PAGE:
Words of Wisdom:

"You're so hairy your tits have afros." - Hryctiomgaflo


  • Date Submitted: 01/08/2013 04:40 AM
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Both Cymbeline and A Midsummer Night’s Dream (AMND) are both set in a patriarchal environment where both genders grapple for control. Valerie Traub defines the distinction between gender sex and gender behavior as “Sex refers to the . . . biological distinctions between male and female bodies. Gender refers to those meanings derived from the division of male and female . . . the attributes considered appropriate to each: ‘masculine’ and ‘feminine.’”   Patriarchy indirectly opposes this source of the meaning with male leaders moderating their control with their own male qualities. However, this thinking needed a stern control over the attribution of suitable behavior for each sex, signifying that gendered meanings “exist primarily as constructions of particular societies.”2 One display of this control contained in both plays is the orderly arrangement of female sexuality, a classification distinguished from the sexual characteristics of connecting explicitly to “erotic desires and activities.”3 Margreta de Grazia claimed “nothing threatens a patriarchal and hierarchic social formation more than a promiscuous womb,”4 and pivotally, both plays examine the supposed risk of unrestrained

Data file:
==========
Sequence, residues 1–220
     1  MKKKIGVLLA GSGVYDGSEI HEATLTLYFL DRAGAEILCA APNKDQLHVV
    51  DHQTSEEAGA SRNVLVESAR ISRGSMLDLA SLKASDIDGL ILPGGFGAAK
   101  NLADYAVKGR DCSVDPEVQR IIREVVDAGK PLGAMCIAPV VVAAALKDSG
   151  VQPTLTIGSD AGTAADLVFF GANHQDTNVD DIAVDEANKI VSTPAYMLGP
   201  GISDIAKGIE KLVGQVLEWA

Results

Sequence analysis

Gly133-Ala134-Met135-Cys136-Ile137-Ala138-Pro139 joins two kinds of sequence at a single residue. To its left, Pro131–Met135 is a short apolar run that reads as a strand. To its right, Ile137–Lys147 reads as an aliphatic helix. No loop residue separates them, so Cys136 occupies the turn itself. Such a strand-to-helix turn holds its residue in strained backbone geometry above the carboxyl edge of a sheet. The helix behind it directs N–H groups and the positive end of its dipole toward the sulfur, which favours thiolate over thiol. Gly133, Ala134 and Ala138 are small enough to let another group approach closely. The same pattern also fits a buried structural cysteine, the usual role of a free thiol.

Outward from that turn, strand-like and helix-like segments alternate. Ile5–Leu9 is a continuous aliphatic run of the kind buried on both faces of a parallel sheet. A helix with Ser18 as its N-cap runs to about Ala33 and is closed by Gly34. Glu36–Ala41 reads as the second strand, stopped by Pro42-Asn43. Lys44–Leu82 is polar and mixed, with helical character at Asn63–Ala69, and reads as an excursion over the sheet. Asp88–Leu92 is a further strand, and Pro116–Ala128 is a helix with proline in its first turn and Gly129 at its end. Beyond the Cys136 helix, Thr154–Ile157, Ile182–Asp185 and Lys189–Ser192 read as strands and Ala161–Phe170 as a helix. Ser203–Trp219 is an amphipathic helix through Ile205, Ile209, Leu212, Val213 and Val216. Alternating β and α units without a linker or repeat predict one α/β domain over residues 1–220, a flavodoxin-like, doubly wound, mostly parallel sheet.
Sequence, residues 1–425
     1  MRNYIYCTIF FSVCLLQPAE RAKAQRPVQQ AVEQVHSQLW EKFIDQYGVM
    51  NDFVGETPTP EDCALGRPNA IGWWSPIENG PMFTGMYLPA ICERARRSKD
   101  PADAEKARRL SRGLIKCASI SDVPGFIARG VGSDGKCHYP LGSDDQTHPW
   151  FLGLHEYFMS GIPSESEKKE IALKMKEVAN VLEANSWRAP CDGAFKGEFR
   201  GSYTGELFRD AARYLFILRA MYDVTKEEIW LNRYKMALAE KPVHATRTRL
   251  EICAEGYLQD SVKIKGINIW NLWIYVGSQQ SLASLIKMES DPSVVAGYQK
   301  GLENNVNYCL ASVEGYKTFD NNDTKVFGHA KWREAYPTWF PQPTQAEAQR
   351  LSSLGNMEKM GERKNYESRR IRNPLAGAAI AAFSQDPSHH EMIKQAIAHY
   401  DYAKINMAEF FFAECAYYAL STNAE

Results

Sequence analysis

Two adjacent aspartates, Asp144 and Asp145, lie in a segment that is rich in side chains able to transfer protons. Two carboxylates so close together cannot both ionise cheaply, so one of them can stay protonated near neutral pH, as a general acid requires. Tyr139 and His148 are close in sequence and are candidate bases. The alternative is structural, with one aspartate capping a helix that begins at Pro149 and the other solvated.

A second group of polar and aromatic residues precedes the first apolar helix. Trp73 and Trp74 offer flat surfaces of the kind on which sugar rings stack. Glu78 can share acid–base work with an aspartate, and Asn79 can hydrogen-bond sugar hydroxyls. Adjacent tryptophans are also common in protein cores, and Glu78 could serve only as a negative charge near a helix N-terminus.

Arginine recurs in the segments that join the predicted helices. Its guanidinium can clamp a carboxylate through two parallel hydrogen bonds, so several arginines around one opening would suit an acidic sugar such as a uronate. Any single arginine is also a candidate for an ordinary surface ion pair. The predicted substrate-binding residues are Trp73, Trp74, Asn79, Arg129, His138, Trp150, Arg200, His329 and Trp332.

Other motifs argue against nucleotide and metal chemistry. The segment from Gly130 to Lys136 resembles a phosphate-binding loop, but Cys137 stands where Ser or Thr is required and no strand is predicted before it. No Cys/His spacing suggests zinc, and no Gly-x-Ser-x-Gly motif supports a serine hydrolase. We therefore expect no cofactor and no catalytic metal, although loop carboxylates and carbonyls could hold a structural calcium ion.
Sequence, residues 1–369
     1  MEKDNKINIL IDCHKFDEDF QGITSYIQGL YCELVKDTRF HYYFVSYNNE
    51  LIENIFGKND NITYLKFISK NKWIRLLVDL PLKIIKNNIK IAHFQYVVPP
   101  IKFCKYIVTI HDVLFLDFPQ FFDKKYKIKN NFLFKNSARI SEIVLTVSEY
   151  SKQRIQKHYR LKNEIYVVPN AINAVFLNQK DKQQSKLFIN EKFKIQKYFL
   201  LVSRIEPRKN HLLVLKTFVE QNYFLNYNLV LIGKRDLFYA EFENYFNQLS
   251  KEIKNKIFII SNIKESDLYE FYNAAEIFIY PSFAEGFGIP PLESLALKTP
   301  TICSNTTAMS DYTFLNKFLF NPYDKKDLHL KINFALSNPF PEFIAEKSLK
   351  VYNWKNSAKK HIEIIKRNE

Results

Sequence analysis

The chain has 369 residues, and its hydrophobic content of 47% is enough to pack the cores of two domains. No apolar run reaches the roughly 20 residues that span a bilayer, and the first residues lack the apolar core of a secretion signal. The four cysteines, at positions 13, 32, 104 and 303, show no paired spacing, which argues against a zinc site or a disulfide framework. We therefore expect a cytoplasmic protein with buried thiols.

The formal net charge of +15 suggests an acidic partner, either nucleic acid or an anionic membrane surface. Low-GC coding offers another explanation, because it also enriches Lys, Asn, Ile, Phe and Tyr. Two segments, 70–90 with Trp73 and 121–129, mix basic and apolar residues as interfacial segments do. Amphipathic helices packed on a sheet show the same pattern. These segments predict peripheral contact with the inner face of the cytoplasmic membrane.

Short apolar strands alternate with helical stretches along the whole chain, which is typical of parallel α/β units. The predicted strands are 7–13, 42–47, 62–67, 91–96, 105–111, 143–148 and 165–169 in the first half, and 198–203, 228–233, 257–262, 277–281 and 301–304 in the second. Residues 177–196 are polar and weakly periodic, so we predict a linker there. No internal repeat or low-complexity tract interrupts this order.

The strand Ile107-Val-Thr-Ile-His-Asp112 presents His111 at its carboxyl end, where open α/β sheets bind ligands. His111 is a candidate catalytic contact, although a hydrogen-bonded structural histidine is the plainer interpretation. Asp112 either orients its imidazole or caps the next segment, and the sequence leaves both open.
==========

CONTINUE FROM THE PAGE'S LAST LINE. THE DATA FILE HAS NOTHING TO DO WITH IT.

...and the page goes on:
1 Valerie Traub, “Gender and Sexuality in Shakespeare,” in The Cambridge Companion to Shakespeare, ed. Margreta de Grazia and Stanley Wells (Cambridge: Cambridge University Press, 2001), 129.
2 Ibid., 129.
3 Ibid., 129.
4 Margreta de Grazia, “The Scandal of Shakespeare’s Sonnets,” in Shakespeare’s Sonnets: Critical Essays, Valley Humanities Review Spring 2011 2
ed. James Schiffer (New York: Garland Publishing Inc, 1994, 1999), 106.
5 Louis Montrose, The Purpose of Playing: Shakespeare and the Cultural Politics of the Elizabethan Theatre (Chicago: University of Chicago Press, 1996), 176.
6 William Shakespeare, “A Midsummer Night’s Dream,” in The Norton Shakespeare, ed. Stephen Greenblatt et al., 2nd ed. (New York: W.W. Norton, 2008), Act 1, Scene 1, 42, 97. [subsequent...


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